This separation of policy-making from administration parallels the belief in business that strategies are formulated at the “top” so that everyone else can implement down below. The superstructure plans and the microstructures execute. It’s all very tidy. Except that the interesting strategies are learned, not planned—sometimes throughout the organization, namely back and forth between managers and other people on the ground. In government this separation is built in, and reinforced by the New Public Management. Yet it can stifle innovation and flexibility.


Free Press and Prentice-Hall International, 1994. Amazon

Can we really rely on performance measures in government?  Measurement has been adopted with a religious fervor in the New Public Management. Look what it has done to the education of our children. I defy anyone to measure adequately what a child learns in a classroom (and you to measure what you are learning in this TWOG). 

Sure we need to measure what we can, just so long as we don’t pretend that everything that matters can be measured. Much that matters in government is not in business precisely because it has no easy measures of performance.

I have been railing on about the dangers of obsessive measuring in a number of these TWOGs. In government, the need to measure everything in sight may now be doing as much harm as corruption. “If you can’t measure it, you can’t manage it” is the popular motto. When enough people believe it, we shall have to close down government.

The “balanced scoreboard” is based on the mistaken belief that we can level the playing field across social and economic considerations by measuring both. But that scoreboard can never be balanced because things social are often much harder to measure than things economic. (Once a year I repeat one of my favorite TWOGs about this, called “What could possibly be wrong with efficiency?” Coming soon.) What we need in government, and elsewhere, are balanced brains.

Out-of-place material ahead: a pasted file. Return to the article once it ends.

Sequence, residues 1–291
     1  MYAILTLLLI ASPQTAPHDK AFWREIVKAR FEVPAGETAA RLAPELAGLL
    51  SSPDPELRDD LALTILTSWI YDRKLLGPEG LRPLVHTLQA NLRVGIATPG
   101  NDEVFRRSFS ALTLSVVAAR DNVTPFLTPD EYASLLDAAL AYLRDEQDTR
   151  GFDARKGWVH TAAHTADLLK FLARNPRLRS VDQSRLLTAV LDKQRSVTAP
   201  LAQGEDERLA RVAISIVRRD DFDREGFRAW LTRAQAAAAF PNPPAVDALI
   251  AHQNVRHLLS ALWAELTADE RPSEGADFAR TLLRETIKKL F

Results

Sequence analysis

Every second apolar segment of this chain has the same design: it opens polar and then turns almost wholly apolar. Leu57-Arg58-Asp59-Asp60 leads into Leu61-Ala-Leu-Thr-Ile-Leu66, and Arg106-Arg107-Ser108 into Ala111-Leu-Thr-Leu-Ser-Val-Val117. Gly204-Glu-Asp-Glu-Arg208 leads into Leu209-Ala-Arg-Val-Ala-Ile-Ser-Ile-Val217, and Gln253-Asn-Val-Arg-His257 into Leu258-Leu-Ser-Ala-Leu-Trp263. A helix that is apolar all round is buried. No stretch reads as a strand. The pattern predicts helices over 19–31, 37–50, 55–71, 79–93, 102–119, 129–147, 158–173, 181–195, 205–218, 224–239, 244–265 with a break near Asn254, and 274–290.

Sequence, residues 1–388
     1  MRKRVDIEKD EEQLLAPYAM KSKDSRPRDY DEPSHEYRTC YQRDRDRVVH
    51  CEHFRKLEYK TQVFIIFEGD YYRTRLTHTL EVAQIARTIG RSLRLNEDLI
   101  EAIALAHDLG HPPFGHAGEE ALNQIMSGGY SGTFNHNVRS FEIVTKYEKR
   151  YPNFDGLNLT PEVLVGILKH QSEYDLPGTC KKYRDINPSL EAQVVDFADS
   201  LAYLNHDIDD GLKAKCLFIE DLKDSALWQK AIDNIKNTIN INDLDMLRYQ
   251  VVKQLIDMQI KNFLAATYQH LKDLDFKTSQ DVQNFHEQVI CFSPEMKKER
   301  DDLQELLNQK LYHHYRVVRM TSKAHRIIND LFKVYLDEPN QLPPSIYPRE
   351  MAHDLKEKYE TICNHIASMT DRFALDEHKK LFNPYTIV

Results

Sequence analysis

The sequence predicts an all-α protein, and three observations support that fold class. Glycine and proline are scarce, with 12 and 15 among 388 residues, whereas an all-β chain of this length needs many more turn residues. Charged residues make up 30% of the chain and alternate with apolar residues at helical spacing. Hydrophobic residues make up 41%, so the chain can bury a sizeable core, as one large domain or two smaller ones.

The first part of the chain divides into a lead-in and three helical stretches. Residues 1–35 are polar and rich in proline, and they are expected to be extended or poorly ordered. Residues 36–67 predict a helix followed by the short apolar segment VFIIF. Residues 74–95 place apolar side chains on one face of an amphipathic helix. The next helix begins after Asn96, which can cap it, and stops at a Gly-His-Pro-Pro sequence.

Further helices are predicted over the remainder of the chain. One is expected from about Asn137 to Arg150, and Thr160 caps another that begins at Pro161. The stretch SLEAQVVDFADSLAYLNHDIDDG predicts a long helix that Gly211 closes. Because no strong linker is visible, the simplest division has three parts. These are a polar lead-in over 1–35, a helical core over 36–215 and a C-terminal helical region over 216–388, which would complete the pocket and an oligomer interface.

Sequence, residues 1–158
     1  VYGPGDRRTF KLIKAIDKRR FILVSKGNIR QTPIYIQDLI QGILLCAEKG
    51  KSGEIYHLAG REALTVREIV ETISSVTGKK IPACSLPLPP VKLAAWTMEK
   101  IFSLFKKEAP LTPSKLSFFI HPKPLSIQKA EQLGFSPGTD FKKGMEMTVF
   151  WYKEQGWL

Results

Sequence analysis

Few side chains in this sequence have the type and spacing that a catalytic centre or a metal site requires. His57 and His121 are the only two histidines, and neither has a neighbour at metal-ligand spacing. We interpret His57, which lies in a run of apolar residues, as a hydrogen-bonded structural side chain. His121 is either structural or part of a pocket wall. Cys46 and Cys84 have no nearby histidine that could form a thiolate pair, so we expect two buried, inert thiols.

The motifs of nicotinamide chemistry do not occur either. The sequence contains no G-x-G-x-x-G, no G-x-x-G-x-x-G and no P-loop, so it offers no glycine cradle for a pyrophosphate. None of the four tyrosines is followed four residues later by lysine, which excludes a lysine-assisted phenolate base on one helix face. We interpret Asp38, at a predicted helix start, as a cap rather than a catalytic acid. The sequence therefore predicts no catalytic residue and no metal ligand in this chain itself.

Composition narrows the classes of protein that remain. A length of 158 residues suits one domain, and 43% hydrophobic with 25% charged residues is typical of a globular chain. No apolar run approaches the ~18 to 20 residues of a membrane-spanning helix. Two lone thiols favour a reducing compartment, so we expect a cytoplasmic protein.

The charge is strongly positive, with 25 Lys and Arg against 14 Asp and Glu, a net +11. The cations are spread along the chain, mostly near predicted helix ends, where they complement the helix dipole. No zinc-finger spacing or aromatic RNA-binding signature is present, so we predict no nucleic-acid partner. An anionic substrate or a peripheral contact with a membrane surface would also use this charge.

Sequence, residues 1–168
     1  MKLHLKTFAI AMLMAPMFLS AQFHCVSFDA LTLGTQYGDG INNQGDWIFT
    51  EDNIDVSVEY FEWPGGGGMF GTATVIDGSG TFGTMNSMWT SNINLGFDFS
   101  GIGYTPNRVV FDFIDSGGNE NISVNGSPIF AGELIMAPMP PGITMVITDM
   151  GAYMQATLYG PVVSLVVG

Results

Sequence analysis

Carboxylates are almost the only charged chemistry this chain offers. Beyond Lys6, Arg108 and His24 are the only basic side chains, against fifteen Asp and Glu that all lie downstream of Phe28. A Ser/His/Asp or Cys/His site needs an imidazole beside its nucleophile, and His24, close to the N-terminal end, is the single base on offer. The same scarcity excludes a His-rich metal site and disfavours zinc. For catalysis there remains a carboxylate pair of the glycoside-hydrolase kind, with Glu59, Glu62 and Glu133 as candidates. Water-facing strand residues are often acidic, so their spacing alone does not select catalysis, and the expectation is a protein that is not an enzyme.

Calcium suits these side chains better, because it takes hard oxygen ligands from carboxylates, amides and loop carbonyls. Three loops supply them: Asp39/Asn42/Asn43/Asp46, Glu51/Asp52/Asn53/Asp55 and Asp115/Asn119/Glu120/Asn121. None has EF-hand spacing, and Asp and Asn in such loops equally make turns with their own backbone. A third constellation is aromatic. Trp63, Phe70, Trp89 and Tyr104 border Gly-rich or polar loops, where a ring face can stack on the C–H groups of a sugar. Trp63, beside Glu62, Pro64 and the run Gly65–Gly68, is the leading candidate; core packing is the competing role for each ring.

So the next time some civil servant calls you a customer or imposes some artificial measure on you, the next time you meet a “CEO” of some government agency, the next time some candidate for political office claims that government needs to be run more like a business (heard that lately?), tell them that if they wish to manage government effectively, they shall have to respect government for what it is—while governing its management.

© Henry Mintzberg 2016. An earlier article by the same title makes a few of these points and others. See also our book Managing PubliclyFollow this TWOG on Twitter @mintzberg141, or receive the blogs directly in your inbox by subscribing hereTo help disseminate these blogs, we now also have a Facebook page and a LinkedIn.

Contrary to the Harvard Business School?

8 June 2016

It’s Friday, June 3rd. Early this morning, I found myself giving a talk at the Harvard Business School. It was an awful experience. I arrived 5 minutes late, and suffered the consequences. The professors there were rude and dismissive; nobody wanted to listen. I was interrupted twice by some weird ritual: a huddle of people chanting and dancing off to one side, like cheerleaders at a college football game.

Suddenly, everybody was gone, except one guy—a visitor, he said, quite pleasant. He confirmed that the rest of them were punishing me because I was 5 minutes late. You don’t do that at the Harvard Business School, he said. 5 minutes!

I wondered what would happen if I was 5 minutes late for an audience with the Pope. Surely he would have been kind and attentive, even curious to know why I was late. Of course, the Pope professes what most Harvard Business School professors do not: he challenges capitalism, and consumption.

Then I woke up.